Tag Archives: cause and effect

Chuck’s Place: I Fought The Tao and The Tao Won

In the Tao…
– Photo by Jan Ketchel

Sometimes a song gets into the head and keeps on playing. For me it’s generally a spirit sending a message. The other day I sang the line “I fought the law and the law won”. The tune hooked Jan as well and she found herself a little frustrated that my tune successfully suggested itself to her own subconscious with incessant replays!

Of course, as always, I searched for the synchronous relevance of the message to our lives. It came quickly that the law is the Tao, and the Tao always wins. I understand the Tao to be the underlying rules of nature that control all of life. The central rule of the Tao is the law of cause and effect: Every action will cause a reaction.

A common example of this would be karma. When we recapitulate our lives we will determine what we must do next, based upon the life we have lived. The actions of our lives are the causes that determine the reactions—where life will take us next.

Strictly speaking, everything is Tao. All actions cause reactions, thus all actions are indeed part of the Tao. Thus, even a hurtful action is part of the Tao and will be appropriately compensated for by a reaction of equal intensity. Nonetheless, the expression to be in the Tao means to respond in the best possible way, the most efficient, least line of resistance to a given situation.

Nature herself expresses the Tao at its most favorable action. The waters of a stream accumulate most patiently in a crevice, awaiting the moment of saturation for the stream to proceed upon its course. Humans are endowed with the ability to take the Tao to extremes in their decision making, losing the favorable status of being in the Tao.

Thus, if someone is aggressive and cutting, the best response might be to go inward, depersonalize the action, have compassion for the other’s state of imbalance, then calmly move on. To challenge the offender is another option, which will illicit its own reaction. Both actions are governed by the Tao, however, the former may be said to be in the Tao.

The Taoist oracle, the I Ching, teaches us the Tao of all changes, while also highlighting the best actions to take to remain in the Tao when confronted with any situation. Most mornings, before sunrise, Jan and I feed a couple of feral cats up the road. We wear headlamps to find our way in the dark. For two days in a row, as the tune “I fought the law…” moved through me, I was attacked by giant hornets along the road, apparently attracted to the light.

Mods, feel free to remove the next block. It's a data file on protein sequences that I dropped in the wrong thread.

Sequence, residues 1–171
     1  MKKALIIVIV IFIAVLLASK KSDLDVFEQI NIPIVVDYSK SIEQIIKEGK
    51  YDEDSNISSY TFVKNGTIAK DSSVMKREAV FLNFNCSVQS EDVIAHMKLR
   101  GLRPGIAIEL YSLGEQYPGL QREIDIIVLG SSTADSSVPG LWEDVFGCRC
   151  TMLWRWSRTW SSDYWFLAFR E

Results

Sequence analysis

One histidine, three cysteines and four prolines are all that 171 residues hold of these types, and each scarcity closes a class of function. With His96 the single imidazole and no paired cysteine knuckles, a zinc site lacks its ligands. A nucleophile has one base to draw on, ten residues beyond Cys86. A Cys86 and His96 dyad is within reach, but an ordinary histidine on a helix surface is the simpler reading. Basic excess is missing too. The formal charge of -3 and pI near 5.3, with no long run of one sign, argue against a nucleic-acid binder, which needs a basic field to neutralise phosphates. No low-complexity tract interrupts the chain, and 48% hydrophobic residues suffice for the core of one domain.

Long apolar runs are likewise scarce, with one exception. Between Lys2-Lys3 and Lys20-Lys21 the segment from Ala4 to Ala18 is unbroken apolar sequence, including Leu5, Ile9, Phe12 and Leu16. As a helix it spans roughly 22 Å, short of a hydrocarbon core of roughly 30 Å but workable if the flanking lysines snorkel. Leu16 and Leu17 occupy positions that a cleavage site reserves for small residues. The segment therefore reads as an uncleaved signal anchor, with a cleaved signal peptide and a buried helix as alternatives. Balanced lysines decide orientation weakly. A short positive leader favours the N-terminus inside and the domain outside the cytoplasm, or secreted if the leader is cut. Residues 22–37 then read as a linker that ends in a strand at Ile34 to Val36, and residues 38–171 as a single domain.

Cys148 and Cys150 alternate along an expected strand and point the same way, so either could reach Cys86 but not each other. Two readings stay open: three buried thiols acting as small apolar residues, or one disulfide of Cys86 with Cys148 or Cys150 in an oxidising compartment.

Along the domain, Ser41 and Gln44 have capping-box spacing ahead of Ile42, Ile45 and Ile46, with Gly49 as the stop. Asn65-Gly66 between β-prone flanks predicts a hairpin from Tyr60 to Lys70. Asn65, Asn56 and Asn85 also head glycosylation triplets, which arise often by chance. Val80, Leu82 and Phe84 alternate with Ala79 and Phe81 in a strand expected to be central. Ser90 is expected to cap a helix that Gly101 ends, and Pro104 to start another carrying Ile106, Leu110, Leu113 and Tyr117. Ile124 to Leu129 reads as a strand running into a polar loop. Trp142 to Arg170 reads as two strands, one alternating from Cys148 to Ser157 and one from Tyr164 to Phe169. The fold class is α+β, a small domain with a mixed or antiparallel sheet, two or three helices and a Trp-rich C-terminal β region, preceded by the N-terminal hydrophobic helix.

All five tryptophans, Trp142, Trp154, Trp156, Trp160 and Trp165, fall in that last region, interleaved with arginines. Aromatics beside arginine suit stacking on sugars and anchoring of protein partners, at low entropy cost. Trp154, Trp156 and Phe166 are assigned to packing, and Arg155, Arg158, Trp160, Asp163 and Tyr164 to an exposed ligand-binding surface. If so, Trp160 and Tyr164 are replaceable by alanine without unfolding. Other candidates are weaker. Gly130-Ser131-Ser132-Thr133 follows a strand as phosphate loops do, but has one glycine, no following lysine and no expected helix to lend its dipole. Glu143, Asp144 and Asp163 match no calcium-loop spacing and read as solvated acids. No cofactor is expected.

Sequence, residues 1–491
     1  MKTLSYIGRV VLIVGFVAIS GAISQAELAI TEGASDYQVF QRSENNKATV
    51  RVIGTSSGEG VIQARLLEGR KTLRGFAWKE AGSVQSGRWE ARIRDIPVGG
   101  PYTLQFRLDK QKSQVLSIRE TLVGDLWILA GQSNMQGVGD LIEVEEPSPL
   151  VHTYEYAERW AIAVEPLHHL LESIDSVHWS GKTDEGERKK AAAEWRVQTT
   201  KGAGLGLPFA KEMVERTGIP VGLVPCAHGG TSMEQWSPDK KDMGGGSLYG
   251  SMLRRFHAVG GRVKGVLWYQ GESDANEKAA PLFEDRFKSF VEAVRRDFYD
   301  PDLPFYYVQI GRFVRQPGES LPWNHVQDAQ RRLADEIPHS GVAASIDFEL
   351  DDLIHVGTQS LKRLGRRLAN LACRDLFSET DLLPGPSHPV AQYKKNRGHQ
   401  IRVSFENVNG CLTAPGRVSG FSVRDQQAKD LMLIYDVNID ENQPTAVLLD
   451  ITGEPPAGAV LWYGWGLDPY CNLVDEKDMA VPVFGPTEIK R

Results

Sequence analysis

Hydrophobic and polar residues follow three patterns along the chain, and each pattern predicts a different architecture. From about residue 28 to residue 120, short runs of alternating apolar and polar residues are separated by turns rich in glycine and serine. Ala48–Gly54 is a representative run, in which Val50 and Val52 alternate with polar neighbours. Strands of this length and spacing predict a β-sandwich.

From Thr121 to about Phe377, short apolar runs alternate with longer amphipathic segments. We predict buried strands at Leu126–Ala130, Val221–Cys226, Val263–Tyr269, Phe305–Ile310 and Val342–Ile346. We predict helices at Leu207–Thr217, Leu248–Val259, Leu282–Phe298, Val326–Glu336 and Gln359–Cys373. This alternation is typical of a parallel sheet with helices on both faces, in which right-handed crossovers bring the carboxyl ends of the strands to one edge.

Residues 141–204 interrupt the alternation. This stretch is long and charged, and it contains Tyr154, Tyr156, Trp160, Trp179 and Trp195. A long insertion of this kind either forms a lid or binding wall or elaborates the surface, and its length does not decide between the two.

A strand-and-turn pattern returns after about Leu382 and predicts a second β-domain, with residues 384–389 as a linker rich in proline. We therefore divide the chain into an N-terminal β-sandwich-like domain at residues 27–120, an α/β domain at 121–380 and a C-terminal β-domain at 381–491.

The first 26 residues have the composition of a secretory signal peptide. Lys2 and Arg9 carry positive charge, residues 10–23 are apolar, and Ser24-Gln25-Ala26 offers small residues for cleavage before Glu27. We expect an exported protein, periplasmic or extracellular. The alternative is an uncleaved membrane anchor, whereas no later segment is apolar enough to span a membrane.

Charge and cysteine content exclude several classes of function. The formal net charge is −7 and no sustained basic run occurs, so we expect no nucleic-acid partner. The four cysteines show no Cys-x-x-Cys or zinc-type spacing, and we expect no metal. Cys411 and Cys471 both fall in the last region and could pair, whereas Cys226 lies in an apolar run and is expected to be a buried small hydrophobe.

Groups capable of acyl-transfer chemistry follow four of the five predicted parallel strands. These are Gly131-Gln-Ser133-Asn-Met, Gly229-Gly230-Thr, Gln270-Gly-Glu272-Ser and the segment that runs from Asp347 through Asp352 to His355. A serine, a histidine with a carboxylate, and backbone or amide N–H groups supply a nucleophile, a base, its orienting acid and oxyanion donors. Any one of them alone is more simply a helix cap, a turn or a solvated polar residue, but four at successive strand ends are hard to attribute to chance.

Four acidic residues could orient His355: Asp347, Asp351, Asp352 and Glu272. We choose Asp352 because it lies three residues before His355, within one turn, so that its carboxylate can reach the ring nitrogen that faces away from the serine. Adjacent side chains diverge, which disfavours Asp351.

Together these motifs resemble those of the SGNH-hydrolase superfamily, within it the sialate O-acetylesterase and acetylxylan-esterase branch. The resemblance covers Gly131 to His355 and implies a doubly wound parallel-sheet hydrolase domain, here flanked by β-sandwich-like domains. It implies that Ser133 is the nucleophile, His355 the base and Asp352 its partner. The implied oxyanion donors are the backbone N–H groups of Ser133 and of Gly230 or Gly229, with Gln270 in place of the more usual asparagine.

On the second day, as we walked Jan’s beautiful quartz labyrinth before sunrise, I was again attacked by a giant hornet that actually made me jump into another rung of the labyrinth. Mind you, we have routinely done these behaviors for weeks and never been attacked.

Suddenly, it dawned on us that autumn has arrived and that the hornets are confused and jumpy, as their end is near. We were adding to their confusion, bringing light into night, and they were reacting to this intrusion. We realized that indeed we were fighting the Tao’s law of the change of seasons, and that law had won.

The next morning we waited until sunrise to feed the cats and walk the labyrinth. We were indeed in the Tao; no attacks, just a calm, thankful meow.

Might I suggest, to the subconscious of all, another Taoist mantra for your listening pleasure:

All you need is love, love is all you need, love is all you need, love is all you need…..

Yeah, Yeah, Yeah,

Chuck

Chuck’s Place: Sympathy For The Devil

The devil you know…

The great value an exhaustively repeated negative behavior pattern offers is the irrefutable evidence it provides for learning the law of cause and effect. At a certain point, after finding ourselves in the same place, after repeating the same set of behaviors, we can say to ourselves with confidence and certainty: “If I say, do or think such and such, I will feel frustrated, disappointed, angry, hopeless and depressed.”